Incidentally, this story is often pointed to as the first version of the film ‘2001’, but as Clarke himself pointed out testily: ‘I am continually annoyed by careless references to ‘The Sentinel’ as ‘the story on which 2001 is based; it bears about as much resemblance to the movie as an acorn to the resultant full-grown oak.’ (Author’s foreword to the anthology The Sentinel, 1983). This does however show the power of this particular symbol, and members of the Soho Group may well have drawn on it for inspiration.
The Dweller on the Threshold
The term ‘Dweller on the Threshold’ is known to have appeared as early as 1842, in a somewhat malevolent form in the novel Zanoni by Edward Bulwer-Lytton.
The term ‘dweller on the threshold’ (or Guardian of the Threshold, as Rudolf Steiner termed him) was also used later in Theosophical and magical circles. William Gray, in his book Inner Magical Traditions (1970), defines the ‘Dweller’ thus, in relation to our own connection with higher beings such as angels:
‘These, and allied queries meet us fairly and squarely at the portals between which we cannot pass until our solution of them permits us. Once, this barrier was called the “Dweller on the Threshold”, which consists of whatever in ourselves refuses admission to the Inner Adytum of Spirit for that part of us which seeks evolvement away from our purely earthly projections. Each must deal with their particular “Dweller” in their own way, for every one is peculiar to the individual concerned. The struggle with the “Dweller” is always a solitary one, and usually a most distressing experience, since it amounts to practically civil war in a divided self.’
Another allied term, ‘the Watchman’ was used in the teaching of the School of Economic Science:
‘The first function of the moving part of the reasoning principle is to watch; it is the watchman in us. It watches in the double sense of the word; it looks out to see what is abroad and watches over what is within; it is at once a sentinel and a guard.’
This quote comes from Man: A Tri-Cerebral Being, an anonymous text described as being ‘An extension to the notes of Leon McLaren, based on the work of Ouspensky - June 2000’.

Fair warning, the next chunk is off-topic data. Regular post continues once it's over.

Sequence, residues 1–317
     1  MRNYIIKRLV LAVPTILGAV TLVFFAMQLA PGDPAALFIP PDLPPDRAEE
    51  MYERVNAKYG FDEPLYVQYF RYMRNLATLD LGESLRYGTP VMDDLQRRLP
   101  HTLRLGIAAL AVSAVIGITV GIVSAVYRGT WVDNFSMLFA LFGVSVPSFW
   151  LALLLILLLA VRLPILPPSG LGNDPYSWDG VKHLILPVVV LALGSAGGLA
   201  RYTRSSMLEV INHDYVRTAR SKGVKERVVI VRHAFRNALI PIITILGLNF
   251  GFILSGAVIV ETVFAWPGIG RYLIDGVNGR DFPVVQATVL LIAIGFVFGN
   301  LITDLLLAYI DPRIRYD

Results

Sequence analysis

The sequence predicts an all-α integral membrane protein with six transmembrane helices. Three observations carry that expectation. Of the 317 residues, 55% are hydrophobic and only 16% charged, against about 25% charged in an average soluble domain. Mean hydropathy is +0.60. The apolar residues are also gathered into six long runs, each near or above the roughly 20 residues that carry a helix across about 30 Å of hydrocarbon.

The text concludes with ‘Exercise’, a practice which resembles The Stop Exercise.
Our practice is to bring the body into view, let the mind fall silent, and open awareness wide, and try to hold this silent open awareness for a few minutes; and to repeat this two or three times every day. We must bring the body into view to know that we are; let the mind fall silent so that we may a little hear and see; open awareness wide to know where we are; all three at once.
This practice puts the watchman in place, so that both the outer and inner worlds are held in observation. Practised regularly each day when we may be quiet, it enables us to come to ourselves at odd moments during the day and see our situation as it really is.
Some link with the Chronos pamphlet is quite possible here. Leon Maclaren, whose teaching prompted the paper ‘Man: A Tri-Cerebral Being’, was a figurehead at the School of Economic Science in the late 1950s, and aimed to reformulate the teaching of Ouspensky into the SES programme. About the time that the pamphlet ‘Chronos’ was produced, members of the Soho Group were themselves working on a short programme of SES studies along with their own studies of Cabbala, in collaboration with SES
Additionally, Maclaren and his colleague Francis Roles were working at the time on what was to become a short film which you can view via this link, and entitled ‘The Surface of Time’.
As for Chronos, (whose name can also be spelt Cronus, Cronos, or Kronos) he is of course well-known from Greek mythology as ‘the leader and youngest of the first generation of Titans, the divine descendants of Uranus, the sky, and Gaia, the earth.’ https://en.wikipedia.org/wiki/Cronus. However, the following quote brings us closer to what Chronos may have meant to the work of the Group at that time:
‘An episode is mentioned by Plutarch in his first century account De Defectis Oracularum. He is talking about the islands scattered around Brittania, and says "there was one island there in which Cronos was held asleep under guard of Briareus, for that sleep had been contrived as his bonds and around him were many spirits, his attendants and servants."’
Celtic Cosmology and the Otherworld: Mythic Origins, Sovereignty and Liminality, Sharon Paice MacLeod, p. 165.
This quote was supplied by Rod Thorn, who also notes that ‘the theme of Cronus as a sleeping (and dreaming) god could have a relationship to the role of the sentinel as (a) a borderline for 'waking up', and (b) the door into dreaming.’